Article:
Shout Out to Lila Barton, Marketing Manager of Chegg

As a continuation of our “Women of Chegg” mini-series, we chose to interview Lila Barton, marketing manager of Chegg. We interviewed her to learn about where she started her career, some of the personal struggles she’s encountered, and what tips and tricks she has for other women in business.

Keep track of your accomplishments and what you’re learning. It not only helps with confidence, but also you won’t forget the times you made a difference.”

-Lila Barton


What does your current job involve? Is there such a thing as a typical day?

There’s really no typical day for me, but most of the time I’m making sure that all of our campaigns are organized and set to launch on time. This means talking with partners, working with our design, email, and product teams, as well as going over every detail with our legal team. I also spend a lot of my time planning for upcoming campaigns, which also means working with partners to discuss goals, timing, and overall planning for execution.

What was your first entry-level job in your field and how did you get it?

My first job was as an account manager at Levo League. I got the job by reaching out to them and asking for it! I heard the founders speak at a Stanford Women in Business conference, and I was so excited by their mission. I applied for their summer internships then sent a follow up note saying I was graduating and wanted to work over the summer in hopes that it would turn into a full time job. And it did

What is one mistake you made along the way and what did you learn from it? 

I think before I speak, sometimes too much, then someone ends up saying what I wanted to say. I’ve been given feedback multiple times that I need to speak up more, and I’m just starting to get comfortable doing it. But if there’s something on the tip of your tongue there’s a reason you’re thinking it. It doesn’t matter if you don’t think it’s a perfect idea or solution – your “not fully developed” idea might trigger someone else to think of something different, leading to the brilliant idea.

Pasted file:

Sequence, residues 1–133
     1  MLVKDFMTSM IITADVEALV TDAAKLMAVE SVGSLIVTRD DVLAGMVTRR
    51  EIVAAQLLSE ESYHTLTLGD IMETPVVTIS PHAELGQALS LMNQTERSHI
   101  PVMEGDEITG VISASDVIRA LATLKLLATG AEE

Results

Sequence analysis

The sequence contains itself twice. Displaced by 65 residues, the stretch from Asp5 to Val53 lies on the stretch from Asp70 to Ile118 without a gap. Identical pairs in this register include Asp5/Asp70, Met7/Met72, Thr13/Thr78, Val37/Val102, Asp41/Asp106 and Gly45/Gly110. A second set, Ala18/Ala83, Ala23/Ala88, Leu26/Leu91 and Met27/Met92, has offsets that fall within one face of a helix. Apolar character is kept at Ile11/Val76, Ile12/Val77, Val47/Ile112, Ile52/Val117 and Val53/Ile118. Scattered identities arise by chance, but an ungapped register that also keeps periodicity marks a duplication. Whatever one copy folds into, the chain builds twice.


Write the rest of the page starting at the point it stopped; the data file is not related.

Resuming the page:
The other mistake I made was not giving myself enough credit early in my career. This mistake resulted in not getting a promotion I thought I deserved – I held myself back and they hired someone else instead.

What’s one important piece of advice for young women entering the business force?

Keep track of your accomplishments and what you’re learning. Jot them down at the end of every week! I wish I had started this earlier. It not only helps with confidence (and negotiations!), but also you won’t forget the times you made a difference.

Have you ever had to deal with sexism as a woman in the business world? If so, how did you deal with it?

My first company was all about helping young women succeed, and at Chegg I’m surrounded by fantastic female leaders and mentors. I’ve been fortunate to not have to deal with it as much as others, but little things happen every now and then.

One thing that’s helped me is finding a partner who supports me – my fiancé is the best! He is so proud of my accomplishments at work, even if I think they’re small. I don’t let other little bumps bother me because the women and men close to me are so supportive. If you ever have a self-doubting moment, just quietly sing some Beyoncé – “Who runs the world? Girls.”

What’s something women can do to get ahead before their getting first job in a business environment?

Do your research! Know everything you can about a company before your interview. Internships also help. I wasn’t able to get many summer internships because I was a competitive athlete all through college. If the same is true for you, use an internship as a test for a full time job. Tell them you will work as an intern with the intention of it turning into a job offer. You never know!

Ending Note from herNetwork:

It can be difficult to keep your confidence up when you feel like your work is not a major contribution to a company. But just because you don’t notice the difference you make, does not mean others don’t! A good self-esteem booster is to “keep track of your accomplishments and what you’re learning” (Lila). That way, you can remind yourself of the great work you have done and how much progress you have made since starting the job. And if you need a quick pick me up, “just quietly sing some Beyoncé” (Lila).



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